Time was when the dear old Catholic Truth Society did a nice, uniform series of English translations of Papal Encyclicals. Page 2 always gave the AAS reference and the name of the translator. Fr Winstone ... Canon Smith ... one almost got to know them. At some point, this stopped. Instead, we got the sinister little phrase Translation by the Vatican Polyglot Press.
After a few years of this, a particular and most objectionable mistranslation became standard. The convention by which the Sovereign Pontiff referred to himself as "We" was abandoned; instead, he became "I". I must make clear that this did not represent a change in the Latin originals. In them, the Pontiff remained "Nos".
Does this matter? After all, a chap or chappess nowadays does not commonly call himself or herself "We" unless they happen to be Lady Thatcher. "We" sounds old fashioned. A translation should be in modern English. Yes?
It matters a very great deal. "We" implies that the speaker or writer is not an individual expressing personal views. "We" means that the speaker is, if not a corporate being, then at least a formal being within a formal corporate structure. "We" means that the pope is acting as Pope, as the Bishop of Rome, as the Church's foremost Teacher; the text concerned has, in down-to-earth terms, been across the desks of the relevant Roman Dicasteries and been checked for error; put more formally, it expresses the settled and authentic Magisterium of the Church throughout the ages and of the world-wide Episcopate of the present. It does not come to us as the bright ideas of a clever chap; originality is profoundly less important than freedom from error.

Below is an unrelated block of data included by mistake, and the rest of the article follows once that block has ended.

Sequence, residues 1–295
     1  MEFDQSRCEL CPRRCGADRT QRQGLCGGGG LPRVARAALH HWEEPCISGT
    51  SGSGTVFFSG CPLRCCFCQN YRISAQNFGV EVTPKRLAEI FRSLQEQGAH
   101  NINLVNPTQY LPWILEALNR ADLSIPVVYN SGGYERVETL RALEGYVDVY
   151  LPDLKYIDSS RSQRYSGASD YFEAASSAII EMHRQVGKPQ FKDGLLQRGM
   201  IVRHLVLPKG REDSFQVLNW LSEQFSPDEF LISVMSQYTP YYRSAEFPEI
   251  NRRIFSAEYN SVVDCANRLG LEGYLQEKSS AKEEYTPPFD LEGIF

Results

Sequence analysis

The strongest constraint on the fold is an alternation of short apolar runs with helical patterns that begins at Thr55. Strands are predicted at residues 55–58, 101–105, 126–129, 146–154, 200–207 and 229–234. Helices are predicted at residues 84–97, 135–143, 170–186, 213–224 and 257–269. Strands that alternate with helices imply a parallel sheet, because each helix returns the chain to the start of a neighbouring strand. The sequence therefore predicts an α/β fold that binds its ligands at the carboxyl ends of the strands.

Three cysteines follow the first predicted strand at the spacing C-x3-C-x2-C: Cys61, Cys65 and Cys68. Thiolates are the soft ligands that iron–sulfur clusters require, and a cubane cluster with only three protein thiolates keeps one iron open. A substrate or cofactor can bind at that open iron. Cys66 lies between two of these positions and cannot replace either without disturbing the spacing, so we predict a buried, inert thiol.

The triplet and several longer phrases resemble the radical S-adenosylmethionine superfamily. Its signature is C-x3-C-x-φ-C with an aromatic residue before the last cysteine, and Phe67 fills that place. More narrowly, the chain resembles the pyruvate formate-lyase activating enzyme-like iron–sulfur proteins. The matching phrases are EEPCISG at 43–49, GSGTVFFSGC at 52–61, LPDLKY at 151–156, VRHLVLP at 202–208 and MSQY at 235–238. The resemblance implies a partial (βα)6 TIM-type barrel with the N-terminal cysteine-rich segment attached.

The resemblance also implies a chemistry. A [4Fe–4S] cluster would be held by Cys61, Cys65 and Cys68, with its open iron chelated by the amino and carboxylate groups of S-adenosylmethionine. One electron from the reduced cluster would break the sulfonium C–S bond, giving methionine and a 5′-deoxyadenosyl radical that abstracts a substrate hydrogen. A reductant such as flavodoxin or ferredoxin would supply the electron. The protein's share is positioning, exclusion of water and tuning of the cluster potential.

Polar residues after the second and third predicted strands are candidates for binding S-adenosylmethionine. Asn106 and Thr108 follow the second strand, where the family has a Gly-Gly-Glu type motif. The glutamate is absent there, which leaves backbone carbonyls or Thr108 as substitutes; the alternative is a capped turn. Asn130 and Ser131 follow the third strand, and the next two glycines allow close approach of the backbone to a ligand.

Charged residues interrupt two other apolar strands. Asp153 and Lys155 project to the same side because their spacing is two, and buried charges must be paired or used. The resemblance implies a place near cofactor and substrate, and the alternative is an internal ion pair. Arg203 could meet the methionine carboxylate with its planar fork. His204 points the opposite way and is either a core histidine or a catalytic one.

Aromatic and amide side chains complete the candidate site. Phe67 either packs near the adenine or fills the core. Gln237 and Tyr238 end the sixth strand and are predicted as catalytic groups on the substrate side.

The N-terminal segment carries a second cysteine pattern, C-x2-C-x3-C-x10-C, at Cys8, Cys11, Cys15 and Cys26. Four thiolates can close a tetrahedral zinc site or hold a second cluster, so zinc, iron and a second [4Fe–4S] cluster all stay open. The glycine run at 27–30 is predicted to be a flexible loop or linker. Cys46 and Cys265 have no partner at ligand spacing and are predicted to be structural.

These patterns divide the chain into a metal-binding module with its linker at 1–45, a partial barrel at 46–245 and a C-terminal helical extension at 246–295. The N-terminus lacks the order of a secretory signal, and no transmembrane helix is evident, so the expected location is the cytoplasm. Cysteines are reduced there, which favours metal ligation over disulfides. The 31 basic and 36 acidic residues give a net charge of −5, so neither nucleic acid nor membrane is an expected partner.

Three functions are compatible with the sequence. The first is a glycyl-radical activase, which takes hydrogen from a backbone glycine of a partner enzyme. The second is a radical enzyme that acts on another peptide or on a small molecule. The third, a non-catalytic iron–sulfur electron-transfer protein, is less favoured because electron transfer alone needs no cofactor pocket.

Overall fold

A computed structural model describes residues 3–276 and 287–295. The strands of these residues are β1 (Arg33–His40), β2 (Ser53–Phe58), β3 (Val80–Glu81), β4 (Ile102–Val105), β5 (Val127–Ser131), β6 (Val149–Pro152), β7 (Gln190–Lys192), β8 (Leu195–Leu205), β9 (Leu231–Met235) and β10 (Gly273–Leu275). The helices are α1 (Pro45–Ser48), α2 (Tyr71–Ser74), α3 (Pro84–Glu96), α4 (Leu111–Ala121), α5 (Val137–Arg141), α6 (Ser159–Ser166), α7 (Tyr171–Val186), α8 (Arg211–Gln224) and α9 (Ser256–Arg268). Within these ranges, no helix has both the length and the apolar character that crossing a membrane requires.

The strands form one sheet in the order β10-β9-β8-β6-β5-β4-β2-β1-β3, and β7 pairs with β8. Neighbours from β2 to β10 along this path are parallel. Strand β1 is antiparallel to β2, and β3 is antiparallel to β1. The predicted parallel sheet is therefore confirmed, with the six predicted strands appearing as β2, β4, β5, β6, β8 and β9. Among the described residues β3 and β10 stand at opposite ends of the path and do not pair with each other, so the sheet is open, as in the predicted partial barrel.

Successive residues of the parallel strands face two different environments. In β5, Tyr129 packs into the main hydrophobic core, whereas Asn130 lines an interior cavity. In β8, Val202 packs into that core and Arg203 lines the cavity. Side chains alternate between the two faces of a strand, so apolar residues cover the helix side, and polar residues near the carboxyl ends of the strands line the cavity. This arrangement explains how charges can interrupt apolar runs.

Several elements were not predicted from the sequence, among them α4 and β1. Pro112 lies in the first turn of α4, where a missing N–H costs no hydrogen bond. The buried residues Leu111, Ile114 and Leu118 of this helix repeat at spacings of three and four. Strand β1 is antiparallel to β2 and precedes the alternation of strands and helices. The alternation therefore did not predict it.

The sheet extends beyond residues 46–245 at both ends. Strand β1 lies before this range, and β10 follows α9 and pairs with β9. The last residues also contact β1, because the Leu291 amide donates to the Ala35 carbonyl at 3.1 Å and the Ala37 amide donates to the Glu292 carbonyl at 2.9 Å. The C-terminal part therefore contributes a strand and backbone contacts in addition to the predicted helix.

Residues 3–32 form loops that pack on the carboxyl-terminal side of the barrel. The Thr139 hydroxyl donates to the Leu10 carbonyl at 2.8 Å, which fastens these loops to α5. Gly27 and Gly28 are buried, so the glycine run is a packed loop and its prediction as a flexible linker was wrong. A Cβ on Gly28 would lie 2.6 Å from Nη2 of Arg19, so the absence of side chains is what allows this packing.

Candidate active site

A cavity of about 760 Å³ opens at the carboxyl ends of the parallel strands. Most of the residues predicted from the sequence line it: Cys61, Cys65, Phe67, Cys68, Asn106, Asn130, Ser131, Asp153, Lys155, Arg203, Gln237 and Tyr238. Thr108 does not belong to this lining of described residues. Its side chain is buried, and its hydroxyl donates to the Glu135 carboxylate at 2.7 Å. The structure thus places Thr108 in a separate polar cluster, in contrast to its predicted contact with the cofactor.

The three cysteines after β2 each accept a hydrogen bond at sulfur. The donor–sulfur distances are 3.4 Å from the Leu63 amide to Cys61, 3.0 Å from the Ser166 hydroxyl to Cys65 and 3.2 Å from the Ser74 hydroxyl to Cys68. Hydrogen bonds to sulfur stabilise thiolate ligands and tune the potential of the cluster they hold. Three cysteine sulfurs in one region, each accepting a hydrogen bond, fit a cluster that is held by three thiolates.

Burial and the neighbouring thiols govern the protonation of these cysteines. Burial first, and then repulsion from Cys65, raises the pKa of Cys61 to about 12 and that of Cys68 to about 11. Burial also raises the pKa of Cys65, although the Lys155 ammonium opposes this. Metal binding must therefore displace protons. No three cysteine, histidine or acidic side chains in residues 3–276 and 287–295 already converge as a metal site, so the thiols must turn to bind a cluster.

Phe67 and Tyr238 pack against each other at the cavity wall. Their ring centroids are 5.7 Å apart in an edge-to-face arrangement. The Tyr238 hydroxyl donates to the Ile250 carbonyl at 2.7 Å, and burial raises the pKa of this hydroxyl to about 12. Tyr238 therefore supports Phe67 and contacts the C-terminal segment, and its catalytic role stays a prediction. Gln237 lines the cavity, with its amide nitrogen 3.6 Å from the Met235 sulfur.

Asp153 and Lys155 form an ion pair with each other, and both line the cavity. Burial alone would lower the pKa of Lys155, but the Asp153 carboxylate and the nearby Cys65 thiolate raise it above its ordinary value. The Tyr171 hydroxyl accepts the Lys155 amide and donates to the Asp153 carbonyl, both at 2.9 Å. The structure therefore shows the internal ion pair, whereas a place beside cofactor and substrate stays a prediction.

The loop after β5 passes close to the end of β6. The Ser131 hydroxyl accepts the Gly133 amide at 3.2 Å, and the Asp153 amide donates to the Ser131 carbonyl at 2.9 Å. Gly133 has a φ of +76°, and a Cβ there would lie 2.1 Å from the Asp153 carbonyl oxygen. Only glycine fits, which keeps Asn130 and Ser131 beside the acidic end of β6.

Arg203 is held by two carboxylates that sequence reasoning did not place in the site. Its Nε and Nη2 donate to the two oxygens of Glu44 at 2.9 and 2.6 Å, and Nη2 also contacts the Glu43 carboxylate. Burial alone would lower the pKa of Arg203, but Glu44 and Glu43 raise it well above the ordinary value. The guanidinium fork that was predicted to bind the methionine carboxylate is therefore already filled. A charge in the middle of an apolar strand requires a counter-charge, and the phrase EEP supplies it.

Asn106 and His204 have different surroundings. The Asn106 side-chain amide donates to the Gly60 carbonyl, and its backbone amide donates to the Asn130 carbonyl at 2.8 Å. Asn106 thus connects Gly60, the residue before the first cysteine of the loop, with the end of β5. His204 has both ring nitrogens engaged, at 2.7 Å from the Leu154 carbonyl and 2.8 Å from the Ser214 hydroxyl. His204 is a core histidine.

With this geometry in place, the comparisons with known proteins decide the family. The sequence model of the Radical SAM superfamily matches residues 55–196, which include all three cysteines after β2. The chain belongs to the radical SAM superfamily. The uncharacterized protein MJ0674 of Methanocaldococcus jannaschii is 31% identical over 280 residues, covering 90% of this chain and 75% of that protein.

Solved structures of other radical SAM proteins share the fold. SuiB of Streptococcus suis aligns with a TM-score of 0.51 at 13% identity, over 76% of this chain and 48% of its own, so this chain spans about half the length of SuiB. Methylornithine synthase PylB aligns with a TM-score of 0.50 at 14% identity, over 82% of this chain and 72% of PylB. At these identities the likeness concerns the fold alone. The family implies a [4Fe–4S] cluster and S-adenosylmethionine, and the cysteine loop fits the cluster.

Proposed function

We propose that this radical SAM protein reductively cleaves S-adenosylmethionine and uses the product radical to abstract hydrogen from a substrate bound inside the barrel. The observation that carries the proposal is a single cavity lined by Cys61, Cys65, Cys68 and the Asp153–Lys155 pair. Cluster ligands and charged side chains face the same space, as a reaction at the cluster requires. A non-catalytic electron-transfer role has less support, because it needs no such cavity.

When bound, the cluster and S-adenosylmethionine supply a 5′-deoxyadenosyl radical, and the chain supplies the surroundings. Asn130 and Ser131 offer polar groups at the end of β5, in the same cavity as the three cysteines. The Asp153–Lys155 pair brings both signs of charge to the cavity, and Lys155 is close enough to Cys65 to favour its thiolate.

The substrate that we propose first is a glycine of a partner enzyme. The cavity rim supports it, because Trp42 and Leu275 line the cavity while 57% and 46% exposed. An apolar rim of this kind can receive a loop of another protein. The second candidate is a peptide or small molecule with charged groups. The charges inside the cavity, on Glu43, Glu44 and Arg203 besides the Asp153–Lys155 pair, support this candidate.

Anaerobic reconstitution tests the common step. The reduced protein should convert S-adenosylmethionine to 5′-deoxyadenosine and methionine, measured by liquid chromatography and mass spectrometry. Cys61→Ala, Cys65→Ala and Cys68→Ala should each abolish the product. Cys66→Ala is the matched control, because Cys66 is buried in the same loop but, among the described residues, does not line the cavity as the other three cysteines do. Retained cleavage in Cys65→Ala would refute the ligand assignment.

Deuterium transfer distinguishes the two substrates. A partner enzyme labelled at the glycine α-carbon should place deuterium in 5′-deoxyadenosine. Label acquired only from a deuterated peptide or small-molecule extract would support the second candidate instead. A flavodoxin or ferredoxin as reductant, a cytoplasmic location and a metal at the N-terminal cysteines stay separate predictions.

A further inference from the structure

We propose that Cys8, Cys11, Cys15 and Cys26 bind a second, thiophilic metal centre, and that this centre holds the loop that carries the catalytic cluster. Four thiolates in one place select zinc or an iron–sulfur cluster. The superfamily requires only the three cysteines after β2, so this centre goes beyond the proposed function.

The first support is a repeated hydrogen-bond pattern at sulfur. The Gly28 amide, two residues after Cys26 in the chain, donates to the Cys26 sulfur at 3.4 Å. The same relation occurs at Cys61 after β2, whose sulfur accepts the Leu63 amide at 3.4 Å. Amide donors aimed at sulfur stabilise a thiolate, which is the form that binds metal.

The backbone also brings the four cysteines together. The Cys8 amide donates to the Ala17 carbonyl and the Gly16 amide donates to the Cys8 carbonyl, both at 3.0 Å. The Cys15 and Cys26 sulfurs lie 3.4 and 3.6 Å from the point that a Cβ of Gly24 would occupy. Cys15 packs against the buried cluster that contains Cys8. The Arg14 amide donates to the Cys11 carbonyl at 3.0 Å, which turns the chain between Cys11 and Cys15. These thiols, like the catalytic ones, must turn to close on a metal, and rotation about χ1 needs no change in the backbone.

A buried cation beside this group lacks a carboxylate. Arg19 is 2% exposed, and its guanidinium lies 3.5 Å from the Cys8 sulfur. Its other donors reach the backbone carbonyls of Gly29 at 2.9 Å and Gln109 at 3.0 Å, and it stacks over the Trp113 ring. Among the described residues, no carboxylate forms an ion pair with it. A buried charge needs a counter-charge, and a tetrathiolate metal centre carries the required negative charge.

The views of Jorge Bergoglio matter hardly at all. But when Pope Francis teaches formally and is clearly seen to be teaching formally, we all owe his words, at the very least, obsequium religiosum.
I suspect that "We" goes back very far indeed. It is certainly a convention found in the homilies of S Leo and S Gregory. But more: the Bishop of Rome is not the Church's only Teacher; every bishop has a Magisterial charism. And if you look back into the old Pontificals ... for example, at the Rites of Ordination ... you will find that the Pontiff is "We". The Anglican rites of Ordination continued this convention (except, strangely, in the Interrogatio of a consecrandus).
I have recently expressed the view that if a polyglot Roman document fails to make clear which version of it is authentic, it thereby gravely impairs its authority. I also believe that a Papal document in which the Pope is "I" rather than "We" has a considerable Magisterial deficit.